Airplane-Bird Strikes

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Orville Wright hit a bird with the Wright Flyer while flying over an Ohio cornfield in 1905. On October 4, 1960, Eastern Air Lines Flight 375 struck a flock of European starlings during take-off. All four engines were damaged and the aircraft crashed in the Boston harbor with 62 fatalities. Bird collision with aircraft is commonly known as a “bird strike.” Although most bird strikes do not result in crashes, they may cause serious economic damage due to damage to the airframe. Over the years, as planes got faster and lighter, collisions with birds became more of a hazard.

Bird hazards differ among different airports, but most all have wide-open expanses of grass that attract blackbirds, meadowlarks, starlings, pigeons, and geese. Airports located on the coastline or near wetlands attract waterfowl and gulls. During migration, large flocks of birds pose hazards if an airport is in a migratory flyway. The most dangerous time of year is July to October when young birds have left the nest and when migration begins.

There is a Bird Strike Committee, USA, which lists some bird strike facts as: 11,405 wildlife strikes, 97% birds, were reported in 2020, a decrease from the 17, 359 strikes reported in 2019 but it 2021 the number jumped to 15,400. There is an FAA Wildlife Database that you can search for specific incidents. Also, a new unfortunate record: the 600th species of bird was recorded – a Cerulean Warbler. You can read the report here.

  •  To mitigate the risk of bird strikes, airports and airlines take measures such as:
  1. Wildlife management programs: Airports and airlines employ wildlife management programs to minimize the presence of birds and other wildlife on and around airport property. These programs use a variety of techniques, such as habitat modification, bird deterrence, and population management.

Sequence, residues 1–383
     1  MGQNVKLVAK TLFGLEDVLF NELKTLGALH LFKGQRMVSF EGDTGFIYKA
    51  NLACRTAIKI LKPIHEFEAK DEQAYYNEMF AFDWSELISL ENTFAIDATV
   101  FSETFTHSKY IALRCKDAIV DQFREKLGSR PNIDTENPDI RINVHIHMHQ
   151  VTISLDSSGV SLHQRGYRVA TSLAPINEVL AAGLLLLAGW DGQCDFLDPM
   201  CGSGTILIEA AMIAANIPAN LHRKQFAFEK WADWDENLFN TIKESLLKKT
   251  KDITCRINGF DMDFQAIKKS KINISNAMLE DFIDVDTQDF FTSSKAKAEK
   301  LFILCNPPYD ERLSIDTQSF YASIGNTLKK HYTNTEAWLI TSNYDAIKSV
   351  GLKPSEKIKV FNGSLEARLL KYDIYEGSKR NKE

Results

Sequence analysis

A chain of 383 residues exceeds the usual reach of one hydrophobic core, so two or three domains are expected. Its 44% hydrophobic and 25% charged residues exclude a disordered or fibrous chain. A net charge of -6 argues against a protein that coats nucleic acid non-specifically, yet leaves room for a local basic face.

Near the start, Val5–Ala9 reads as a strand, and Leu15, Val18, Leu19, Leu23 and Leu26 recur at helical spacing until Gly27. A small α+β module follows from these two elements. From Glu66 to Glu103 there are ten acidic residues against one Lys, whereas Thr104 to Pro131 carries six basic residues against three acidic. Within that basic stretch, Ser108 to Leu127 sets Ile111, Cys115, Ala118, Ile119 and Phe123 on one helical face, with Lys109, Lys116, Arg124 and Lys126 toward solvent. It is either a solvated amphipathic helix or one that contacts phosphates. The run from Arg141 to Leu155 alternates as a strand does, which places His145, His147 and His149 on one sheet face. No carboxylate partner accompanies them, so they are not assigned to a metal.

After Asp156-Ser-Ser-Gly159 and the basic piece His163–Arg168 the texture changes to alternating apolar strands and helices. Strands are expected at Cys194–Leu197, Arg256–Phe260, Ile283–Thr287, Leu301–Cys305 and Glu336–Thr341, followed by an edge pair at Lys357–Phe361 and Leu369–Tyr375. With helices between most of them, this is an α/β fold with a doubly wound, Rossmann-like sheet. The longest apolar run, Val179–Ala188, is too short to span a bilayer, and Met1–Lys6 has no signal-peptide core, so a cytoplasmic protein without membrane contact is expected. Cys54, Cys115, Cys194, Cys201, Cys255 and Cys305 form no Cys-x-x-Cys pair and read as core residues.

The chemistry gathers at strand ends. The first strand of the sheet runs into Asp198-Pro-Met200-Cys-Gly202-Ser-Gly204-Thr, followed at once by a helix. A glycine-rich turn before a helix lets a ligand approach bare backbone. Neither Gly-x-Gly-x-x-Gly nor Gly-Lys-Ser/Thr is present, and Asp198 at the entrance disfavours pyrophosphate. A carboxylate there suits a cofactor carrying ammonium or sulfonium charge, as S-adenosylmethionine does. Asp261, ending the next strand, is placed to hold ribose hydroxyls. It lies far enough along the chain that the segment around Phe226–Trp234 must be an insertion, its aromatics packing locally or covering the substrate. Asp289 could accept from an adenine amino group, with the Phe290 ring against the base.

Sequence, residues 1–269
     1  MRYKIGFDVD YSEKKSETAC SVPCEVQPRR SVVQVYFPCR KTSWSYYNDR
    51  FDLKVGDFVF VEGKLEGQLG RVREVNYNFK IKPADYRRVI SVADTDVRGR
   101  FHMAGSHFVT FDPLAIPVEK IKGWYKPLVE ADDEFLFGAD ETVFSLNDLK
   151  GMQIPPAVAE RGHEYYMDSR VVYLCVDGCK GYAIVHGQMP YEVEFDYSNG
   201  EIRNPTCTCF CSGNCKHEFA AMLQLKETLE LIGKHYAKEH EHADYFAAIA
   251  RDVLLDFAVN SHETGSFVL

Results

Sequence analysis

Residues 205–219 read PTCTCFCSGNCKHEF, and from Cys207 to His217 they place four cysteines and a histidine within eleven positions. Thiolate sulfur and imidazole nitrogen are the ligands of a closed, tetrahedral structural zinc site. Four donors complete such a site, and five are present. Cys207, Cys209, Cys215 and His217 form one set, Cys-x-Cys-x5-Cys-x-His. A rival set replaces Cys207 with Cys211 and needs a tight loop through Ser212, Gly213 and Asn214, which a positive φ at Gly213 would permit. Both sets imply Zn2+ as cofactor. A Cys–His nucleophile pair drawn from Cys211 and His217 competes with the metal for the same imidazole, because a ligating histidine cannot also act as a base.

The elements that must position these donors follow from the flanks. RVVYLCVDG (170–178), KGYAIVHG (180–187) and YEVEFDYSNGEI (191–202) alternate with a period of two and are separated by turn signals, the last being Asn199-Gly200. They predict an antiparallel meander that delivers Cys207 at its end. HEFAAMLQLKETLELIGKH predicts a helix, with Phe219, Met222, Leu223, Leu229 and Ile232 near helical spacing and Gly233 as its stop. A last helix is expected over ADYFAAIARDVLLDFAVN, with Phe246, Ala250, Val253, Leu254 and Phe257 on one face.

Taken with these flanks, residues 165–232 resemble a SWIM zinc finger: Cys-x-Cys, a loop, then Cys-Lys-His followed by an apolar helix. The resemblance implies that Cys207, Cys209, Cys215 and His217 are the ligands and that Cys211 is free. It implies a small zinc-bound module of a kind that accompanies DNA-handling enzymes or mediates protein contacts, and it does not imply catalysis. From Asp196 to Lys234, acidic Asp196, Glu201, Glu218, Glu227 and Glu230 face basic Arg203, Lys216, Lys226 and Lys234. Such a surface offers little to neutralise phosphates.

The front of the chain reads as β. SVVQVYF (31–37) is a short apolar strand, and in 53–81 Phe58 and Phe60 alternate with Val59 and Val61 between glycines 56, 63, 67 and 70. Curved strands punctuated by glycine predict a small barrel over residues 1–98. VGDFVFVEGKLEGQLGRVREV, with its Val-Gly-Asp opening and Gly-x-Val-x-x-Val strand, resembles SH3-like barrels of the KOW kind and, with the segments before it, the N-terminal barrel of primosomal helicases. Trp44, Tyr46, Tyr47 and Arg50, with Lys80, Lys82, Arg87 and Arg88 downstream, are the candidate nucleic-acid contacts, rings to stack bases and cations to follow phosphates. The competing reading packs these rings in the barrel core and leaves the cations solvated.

2. Radar and visual monitoring: Airports use radar and visual monitoring systems to detect bird activity near runways and alert pilots to the presence of birds in their flight path.
  3. Aircraft design: Aircraft manufacturers design aircraft with features that minimize the risk of bird strikes, such as reinforced windshields and engines that are less likely to be damaged by bird strikes.
  4. Pilot training: Pilots receive training on how to avoid bird strikes and how to respond in the event of a bird strike.

I have a pilot’s license and flew around California for about eight years until I decided that the hobby was too expensive and risky, although I loved it. One early evening I took off from our local private airport. Just as I lifted off, a flock of Yellow-billed Magpies flew in front of me. There was nothing I could do to avoid them but they just passed in front of me. Strangely, straggling behind them was a parrot trying to keep up with the flock. I clipped the parrot with my propeller, or so I thought. I kept wondering during my flight “did I really hit a parrot?” When I landed, I inspected the runway and sure enough, there lay a wounded parrot, probably someone’s escaped pet. It was alive and I brought it to someone I thought could save it, but, I’m sad to say, it expired.

5 thoughts on “Airplane-Bird Strikes”

  1. You would think we could do better at avoiding birds with our planes given we have killed so many off with our cats, windows, and habitat destruction.

  2. Do you know if any airports have tried using the ultrasonic sound method I’ve read about for keeping birds away – at least during take-offs and landings?

    1. Ultrasonic sound methods are heavily advertised by companies that make or sell them, but, although birds can hear frequencies down to 20 Hz, they don’t seem to be scared by ultrasound. Other methods are more effective. Yes, some airports use it along with other devices.

  3. Bird strikes are something that worry me, both as a bird watcher and an airline passenger. Lately, I’ve been admiring the sandhill cranes as they head north for the summer in great, noisy, swirling flocks so high that I can hear them, but only quick flashes of silver feathers give their lofty location away. I worry, but I wish them, and the fixed winged “birds”, safe travels and soft landings.

  4. Pingback: Airplane-Bird Strikes – Ornithology - Vetezi

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